African Journal of
Agricultural Research

  • Abbreviation: Afr. J. Agric. Res.
  • Language: English
  • ISSN: 1991-637X
  • DOI: 10.5897/AJAR
  • Start Year: 2006
  • Published Articles: 6668

Review

Benefits of grass-legume inter-cropping in livestock systems

Unathi Gulwa
  • Unathi Gulwa
  • Eastern Cape Department of Rural Development and Agrarian Reform, Dohne ADI, South Africa.
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Nobulungisa Mgujulwa
  • Nobulungisa Mgujulwa
  • Eastern Cape Department of Rural Development and Agrarian Reform, Dohne ADI, South Africa.
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Solomon T. Beyene
  • Solomon T. Beyene
  • Department of Livestock and Pasture Science, University of Fort Hare, South Africa.
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  •  Received: 05 April 2018
  •  Accepted: 07 May 2018
  •  Published: 28 June 2018

Abstract

Legumes (Fabaceae) are plants with the distinct ability to fix atmospheric nitrogen, the atmospheric nitrogen fixation by legumes is known as biological nitrogen fixation. Biological nitrogen fixation is the process whereby atmospheric nitrogen is reduced to ammonia in the presence of the enzyme nitrogenase. Nitrogen fixation in legumes starts with the formation of nodules. Inside the nodules, nitrogen fixation done by the bacteria (Rhizobia), and the ammonia (NH3) produced is absorbed by plant. The symbiotic relationship between a bacterium and a plant makes legumes special plants, which offer benefits when included in farming systems. These benefits are ecosystem, economic and environmental benefits. Inclusion of forage legumes in the form of intercropping in low-input grassland mixtures improves forage quantity, quality and soil fertility trough addition of nitrogen (N) from N2-fixation. Intercropping is a multiple cropping practice, which involves growing two or more crops in proximity. Legumes also improve the nutritive value of the low quality native pastures grown with them and are important component of farming system since they have high nutritive value and able to rehabilitate nutrient depleted soil. There are various factors affecting legume growth and development and these factors need to be taken into account when planning to grow legumes. These factors include pedoclimatic factors especially those associated with the soil acid complex. These factors are known as physical, chemical, biological and environmental factors. The improvement of forage quantity and quality through forage legume inclusion is crucial for improved animal performance, which is a goal of all livestock farmers. The inclusion of forage legumes in low-input grassland mixtures is vital to improve biomass production, forage quality and ultimately soil fertility. The improvement of forage quantity and quality is crucial for improved animal performance, which is a goal of every livestock farmer. Forage legumes have the potential to improve the diets of ruminants because they increase the crude protein (CP) concentration of the herbage mixture relative to that of grass monocultures.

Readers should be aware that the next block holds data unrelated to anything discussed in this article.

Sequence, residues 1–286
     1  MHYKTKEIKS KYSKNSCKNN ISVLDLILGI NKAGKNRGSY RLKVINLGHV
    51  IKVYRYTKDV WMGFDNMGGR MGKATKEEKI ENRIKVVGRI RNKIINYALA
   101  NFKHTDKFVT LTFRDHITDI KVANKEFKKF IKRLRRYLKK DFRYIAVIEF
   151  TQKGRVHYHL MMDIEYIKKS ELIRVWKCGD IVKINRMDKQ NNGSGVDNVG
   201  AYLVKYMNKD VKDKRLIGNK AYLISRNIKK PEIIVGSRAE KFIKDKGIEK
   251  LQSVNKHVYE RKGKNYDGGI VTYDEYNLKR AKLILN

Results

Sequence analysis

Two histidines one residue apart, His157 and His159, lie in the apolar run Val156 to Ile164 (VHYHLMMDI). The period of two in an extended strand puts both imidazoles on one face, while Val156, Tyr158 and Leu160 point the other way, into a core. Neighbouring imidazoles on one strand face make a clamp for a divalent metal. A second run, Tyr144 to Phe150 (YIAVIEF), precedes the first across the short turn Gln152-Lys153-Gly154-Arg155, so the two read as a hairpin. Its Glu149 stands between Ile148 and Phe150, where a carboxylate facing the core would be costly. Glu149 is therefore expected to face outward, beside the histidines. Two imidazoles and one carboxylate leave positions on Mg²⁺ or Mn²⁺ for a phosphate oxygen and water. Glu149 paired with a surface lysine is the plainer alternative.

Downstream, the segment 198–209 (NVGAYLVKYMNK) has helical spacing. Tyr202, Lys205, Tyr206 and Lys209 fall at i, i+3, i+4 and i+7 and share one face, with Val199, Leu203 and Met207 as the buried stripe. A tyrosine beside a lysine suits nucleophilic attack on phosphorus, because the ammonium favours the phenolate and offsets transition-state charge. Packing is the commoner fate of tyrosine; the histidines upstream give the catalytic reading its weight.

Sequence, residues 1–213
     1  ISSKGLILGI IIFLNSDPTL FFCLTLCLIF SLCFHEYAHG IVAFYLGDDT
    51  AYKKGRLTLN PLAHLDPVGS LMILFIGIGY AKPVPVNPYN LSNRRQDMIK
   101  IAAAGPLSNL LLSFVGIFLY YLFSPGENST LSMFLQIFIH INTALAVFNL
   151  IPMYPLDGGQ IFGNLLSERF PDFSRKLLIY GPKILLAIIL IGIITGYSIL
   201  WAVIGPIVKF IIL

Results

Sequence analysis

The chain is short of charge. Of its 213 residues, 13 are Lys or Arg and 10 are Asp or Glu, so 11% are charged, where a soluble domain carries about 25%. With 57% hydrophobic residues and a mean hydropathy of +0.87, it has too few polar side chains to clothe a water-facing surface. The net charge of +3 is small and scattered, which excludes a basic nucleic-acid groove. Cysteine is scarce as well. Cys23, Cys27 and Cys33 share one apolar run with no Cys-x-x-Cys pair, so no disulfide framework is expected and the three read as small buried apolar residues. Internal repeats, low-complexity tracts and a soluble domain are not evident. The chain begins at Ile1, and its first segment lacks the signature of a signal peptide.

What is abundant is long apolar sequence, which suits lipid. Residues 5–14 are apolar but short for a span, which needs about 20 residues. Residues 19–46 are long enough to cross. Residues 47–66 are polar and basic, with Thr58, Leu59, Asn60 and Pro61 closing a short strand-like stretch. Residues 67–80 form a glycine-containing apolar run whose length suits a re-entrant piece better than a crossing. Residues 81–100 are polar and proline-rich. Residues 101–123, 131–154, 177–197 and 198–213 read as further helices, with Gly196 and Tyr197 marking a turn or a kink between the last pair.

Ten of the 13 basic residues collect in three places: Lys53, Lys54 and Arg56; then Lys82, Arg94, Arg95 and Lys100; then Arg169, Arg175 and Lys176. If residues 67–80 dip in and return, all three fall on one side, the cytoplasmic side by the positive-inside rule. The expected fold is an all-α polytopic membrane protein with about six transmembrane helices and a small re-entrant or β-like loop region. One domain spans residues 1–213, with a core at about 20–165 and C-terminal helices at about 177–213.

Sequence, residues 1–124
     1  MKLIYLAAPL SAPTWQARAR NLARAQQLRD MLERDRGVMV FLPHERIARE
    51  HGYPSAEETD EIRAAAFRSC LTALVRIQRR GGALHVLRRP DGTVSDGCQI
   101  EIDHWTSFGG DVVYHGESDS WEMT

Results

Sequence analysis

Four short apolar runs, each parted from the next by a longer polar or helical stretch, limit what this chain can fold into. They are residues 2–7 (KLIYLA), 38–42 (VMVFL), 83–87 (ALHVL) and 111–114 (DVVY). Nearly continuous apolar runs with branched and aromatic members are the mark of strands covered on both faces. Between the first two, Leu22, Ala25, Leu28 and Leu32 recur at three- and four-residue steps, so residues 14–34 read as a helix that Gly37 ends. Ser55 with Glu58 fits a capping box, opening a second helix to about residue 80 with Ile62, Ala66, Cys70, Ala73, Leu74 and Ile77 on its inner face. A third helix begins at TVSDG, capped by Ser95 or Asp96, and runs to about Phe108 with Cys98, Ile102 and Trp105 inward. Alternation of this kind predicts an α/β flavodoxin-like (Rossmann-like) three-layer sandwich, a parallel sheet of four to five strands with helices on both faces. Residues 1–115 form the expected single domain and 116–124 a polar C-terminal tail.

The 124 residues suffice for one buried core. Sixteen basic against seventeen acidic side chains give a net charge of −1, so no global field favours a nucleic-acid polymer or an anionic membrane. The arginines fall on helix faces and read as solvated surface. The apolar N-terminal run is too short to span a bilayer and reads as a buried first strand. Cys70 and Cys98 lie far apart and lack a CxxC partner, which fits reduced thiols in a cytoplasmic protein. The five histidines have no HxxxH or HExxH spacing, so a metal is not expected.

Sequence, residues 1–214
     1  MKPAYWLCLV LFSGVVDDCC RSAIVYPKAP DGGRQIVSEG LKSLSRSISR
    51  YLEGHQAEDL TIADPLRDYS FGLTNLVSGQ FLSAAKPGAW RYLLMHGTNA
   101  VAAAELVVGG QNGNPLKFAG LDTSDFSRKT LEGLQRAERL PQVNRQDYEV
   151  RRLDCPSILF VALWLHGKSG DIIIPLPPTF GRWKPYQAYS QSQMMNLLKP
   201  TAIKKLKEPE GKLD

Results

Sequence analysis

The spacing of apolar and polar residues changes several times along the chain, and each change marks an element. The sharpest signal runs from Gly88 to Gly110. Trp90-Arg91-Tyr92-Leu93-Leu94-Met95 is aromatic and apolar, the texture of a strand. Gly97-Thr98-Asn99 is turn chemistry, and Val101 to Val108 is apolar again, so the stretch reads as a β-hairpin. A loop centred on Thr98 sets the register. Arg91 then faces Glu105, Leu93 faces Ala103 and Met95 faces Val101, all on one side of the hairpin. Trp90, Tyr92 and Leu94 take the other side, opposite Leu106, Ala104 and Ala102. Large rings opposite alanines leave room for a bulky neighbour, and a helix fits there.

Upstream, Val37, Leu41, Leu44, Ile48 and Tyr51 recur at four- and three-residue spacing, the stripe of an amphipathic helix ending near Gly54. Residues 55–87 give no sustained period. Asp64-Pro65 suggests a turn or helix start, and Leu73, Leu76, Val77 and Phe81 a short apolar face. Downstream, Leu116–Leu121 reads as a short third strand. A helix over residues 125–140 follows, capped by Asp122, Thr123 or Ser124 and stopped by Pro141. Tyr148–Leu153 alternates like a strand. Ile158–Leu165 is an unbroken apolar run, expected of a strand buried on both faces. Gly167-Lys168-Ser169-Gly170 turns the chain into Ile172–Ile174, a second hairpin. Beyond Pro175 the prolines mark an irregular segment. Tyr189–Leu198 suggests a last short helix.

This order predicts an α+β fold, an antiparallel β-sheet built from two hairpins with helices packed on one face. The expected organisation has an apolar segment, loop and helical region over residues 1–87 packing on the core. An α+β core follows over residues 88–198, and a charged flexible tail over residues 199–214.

Key words: Legumes, biological nitrogen fixation, forage quality, forage quantity.